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Richmond History 40: apologies for the delay

We are very sorry, but there has been a delay in the production of the 2019 issue of our journal, Richmond History. We can’t give an exact publication date yet, but we will make an announcement on this website, and in our members’ e-newsletter, when it’s ready.

Our next talk, on Monday 20 May, is about Ham in the early 20th century

Ham Gate Avenue 1906

Sir David Williams represented Ham and Petersham on Richmond upon Thames Council from 1974 to 2014, and was Leader of the Council from 1983 to 2001.

Following our AGM, David will talk about Ham in the early 20th century. While his talk is mainly about Ham Urban District Council, Ham’s own local council which existed from 1894 to 1933, David will also talk about some of the history, people and issues in Ham, and the campaign to stop Ham being taken over by Kingston and Richmond. David’s talk will be followed by our customary end-of-season party.

Save the (revised) dates

The dates of our talks in September and October have changed. The Richmond Theatre event is now one week earlier, on Sunday 15 September, and Dr Simon Targett’s talk on the founding of America is one week later than previously advertised, on Monday 21 October.

Our new book on Richmond and Kew’s street names is now available from our online bookshop

Our new publication, a fully revised edition of The Streets of Richmond and Kew, is available at £10 in local bookshops – The Open Book in King Street, Richmond, the Museum of Richmond, The National Archives’ bookshop, Kew Bookshop  and Lloyds of Kew Bookshop  It can now also be bought from our online bookshop.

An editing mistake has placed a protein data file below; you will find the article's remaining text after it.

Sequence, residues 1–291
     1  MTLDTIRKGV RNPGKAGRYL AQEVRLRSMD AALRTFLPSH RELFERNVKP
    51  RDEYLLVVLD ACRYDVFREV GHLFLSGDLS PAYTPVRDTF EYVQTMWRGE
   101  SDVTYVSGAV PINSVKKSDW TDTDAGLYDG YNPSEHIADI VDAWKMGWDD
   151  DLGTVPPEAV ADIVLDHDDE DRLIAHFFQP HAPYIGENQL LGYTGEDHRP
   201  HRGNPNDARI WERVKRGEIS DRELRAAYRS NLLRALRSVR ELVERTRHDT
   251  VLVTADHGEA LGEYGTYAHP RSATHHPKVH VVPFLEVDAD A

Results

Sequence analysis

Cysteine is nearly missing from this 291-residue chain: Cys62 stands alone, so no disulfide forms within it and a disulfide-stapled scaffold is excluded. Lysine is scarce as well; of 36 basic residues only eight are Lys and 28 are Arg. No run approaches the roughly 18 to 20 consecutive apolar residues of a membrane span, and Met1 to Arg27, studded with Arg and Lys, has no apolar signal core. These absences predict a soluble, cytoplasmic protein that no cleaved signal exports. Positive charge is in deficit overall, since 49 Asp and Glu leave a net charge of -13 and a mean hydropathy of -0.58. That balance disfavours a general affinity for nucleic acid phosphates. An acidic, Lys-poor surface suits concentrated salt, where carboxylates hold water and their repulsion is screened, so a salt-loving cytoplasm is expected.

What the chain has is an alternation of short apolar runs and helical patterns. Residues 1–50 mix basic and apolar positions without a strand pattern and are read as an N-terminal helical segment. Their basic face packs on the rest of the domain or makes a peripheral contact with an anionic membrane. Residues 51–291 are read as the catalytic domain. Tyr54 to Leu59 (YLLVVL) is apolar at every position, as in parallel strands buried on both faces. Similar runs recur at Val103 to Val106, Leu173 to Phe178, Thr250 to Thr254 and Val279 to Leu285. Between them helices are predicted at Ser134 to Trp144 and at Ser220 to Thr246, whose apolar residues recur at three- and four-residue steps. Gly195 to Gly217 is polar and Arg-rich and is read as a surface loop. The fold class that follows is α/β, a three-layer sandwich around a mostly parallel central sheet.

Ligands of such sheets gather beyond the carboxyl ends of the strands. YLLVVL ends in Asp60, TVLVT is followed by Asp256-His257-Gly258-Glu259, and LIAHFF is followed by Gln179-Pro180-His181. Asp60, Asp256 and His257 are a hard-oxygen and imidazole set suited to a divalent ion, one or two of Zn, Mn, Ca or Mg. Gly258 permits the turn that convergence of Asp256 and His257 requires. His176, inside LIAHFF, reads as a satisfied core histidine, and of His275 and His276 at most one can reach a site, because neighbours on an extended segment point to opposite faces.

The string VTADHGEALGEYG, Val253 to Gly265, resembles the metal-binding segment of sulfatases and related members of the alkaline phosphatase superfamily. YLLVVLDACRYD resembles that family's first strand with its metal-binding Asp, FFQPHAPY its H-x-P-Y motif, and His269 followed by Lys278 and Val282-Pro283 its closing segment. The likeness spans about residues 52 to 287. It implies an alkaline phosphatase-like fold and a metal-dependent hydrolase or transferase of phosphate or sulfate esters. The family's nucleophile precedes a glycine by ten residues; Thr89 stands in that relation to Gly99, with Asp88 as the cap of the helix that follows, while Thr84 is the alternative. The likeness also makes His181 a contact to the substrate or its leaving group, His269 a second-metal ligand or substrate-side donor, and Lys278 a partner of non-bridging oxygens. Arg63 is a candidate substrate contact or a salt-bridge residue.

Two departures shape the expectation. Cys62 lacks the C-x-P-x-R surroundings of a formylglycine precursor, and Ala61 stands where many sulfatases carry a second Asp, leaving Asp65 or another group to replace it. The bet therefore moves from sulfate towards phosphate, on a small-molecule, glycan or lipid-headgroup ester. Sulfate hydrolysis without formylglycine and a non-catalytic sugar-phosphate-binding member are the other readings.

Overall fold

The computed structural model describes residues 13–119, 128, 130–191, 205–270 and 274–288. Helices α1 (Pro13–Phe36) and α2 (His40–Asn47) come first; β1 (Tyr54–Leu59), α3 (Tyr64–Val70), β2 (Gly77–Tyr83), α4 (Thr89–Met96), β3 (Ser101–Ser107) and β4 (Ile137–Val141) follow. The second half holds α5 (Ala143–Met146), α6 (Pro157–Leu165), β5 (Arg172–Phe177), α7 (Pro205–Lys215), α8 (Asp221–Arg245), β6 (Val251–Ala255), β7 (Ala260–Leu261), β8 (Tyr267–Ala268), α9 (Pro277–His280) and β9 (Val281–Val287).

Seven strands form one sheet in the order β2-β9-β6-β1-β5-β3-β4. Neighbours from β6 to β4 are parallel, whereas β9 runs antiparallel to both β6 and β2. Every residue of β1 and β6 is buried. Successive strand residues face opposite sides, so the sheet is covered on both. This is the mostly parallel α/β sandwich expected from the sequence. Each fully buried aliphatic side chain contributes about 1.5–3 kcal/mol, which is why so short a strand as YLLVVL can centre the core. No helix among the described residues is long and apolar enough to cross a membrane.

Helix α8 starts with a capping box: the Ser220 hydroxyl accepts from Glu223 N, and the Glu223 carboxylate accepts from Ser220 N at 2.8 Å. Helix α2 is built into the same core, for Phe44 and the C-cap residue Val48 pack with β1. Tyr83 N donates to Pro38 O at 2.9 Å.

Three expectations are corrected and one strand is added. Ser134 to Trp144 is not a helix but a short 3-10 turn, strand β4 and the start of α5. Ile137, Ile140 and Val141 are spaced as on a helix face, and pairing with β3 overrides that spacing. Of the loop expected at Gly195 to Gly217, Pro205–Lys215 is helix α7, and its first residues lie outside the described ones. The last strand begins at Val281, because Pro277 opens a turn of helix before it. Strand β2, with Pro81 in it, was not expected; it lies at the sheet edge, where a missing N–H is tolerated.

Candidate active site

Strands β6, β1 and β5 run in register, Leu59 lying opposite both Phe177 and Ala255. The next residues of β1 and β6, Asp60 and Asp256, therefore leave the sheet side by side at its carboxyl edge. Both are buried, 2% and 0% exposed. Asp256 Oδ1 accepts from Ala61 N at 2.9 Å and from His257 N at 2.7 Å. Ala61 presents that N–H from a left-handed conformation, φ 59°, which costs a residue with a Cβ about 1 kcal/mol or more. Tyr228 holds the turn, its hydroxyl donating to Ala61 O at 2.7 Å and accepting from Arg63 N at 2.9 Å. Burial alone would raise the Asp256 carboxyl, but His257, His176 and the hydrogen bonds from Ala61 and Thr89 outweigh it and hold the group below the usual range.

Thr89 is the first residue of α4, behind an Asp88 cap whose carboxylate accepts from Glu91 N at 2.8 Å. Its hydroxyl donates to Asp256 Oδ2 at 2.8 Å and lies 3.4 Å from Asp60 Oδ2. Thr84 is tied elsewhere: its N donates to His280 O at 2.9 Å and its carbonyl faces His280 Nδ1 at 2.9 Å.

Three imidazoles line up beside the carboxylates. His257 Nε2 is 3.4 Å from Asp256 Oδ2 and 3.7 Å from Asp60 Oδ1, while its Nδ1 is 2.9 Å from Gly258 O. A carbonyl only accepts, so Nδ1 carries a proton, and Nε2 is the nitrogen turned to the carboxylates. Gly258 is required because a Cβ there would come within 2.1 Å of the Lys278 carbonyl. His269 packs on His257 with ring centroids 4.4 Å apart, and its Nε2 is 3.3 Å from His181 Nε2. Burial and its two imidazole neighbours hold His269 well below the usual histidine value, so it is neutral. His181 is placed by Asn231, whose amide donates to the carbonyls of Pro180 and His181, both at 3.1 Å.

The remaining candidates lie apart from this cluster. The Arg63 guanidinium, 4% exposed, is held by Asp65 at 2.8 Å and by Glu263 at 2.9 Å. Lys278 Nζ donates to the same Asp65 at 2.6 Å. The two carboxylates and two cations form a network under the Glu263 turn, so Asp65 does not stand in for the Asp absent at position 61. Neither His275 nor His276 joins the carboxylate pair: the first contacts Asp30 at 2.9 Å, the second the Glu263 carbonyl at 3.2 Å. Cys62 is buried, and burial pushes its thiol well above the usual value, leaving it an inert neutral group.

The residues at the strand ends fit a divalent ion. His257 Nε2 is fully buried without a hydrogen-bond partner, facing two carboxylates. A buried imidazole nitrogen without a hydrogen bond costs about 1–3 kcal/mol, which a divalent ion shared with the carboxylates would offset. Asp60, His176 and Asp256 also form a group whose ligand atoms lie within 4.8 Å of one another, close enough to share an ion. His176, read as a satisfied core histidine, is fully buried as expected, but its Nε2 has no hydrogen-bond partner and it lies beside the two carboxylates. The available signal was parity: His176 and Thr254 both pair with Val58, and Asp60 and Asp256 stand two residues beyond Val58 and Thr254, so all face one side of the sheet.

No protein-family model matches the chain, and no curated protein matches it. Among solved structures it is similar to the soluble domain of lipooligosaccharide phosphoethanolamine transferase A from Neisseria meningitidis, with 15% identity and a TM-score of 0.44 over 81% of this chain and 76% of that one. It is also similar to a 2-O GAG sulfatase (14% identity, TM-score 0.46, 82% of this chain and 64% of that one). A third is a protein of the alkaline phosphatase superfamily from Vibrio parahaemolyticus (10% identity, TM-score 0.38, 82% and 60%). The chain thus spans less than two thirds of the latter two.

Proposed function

We are delighted to be able to reintroduce the book to our publications list after a very long gap: the first edition was published in 1989 and the second in 1990. Many Society members, including the late David Blomfield, contributed to this new, third edition, which has 140 pages and includes a full colour map. Comprehensive and up to date, it describes how each of Richmond and Kew’s streets was named and their wider significance for our local area’s history.

Our other talks coming up

See our calendar of forthcoming events and our list of forthcoming talks

Coming up, we have:

The New Inn, Ham

 Reports of previous talks

Our website now includes reports of some of our previous talks, including John and Eunice Drewry’s presentation in November 2018 on the Voluntary Aid Detachment.

The Victorian burial plot – from graveyard to garden

Coffin plaque

Holloway gravestone, rediscovered in August 2018

On our Resources pages, Peter Flower, archivist at the Vineyard Church in Richmond, tells us of recent discoveries in the Victorian burial plot, which is now a garden. One of the graves discovered is that of the Revd Henry Martin, the church’s remarkable first pastor, who died in 1844 aged only 36. Find out more

Our Resources pages also include a piece by John Govett on Richmond’s Old Burial Ground and Stephen Orr’s timeline on Vineyard Passage Burial Ground.

You can also read about the Selwyn family and the development of Richmond.

Oh deer, another Richmond Park myth…

It is sometimes suggested that the “deer leap” or “freebord“, the strip of land immediately outside Richmond Park’s wall, was designed so that if a deer managed to escape its hunters and get beyond the deer leap, it was then free from capture. That’s unlikely, says Richmond Park historian Robert Wood, in an article about the freebord’s history. Find out more and see a timeline on Richmond Park

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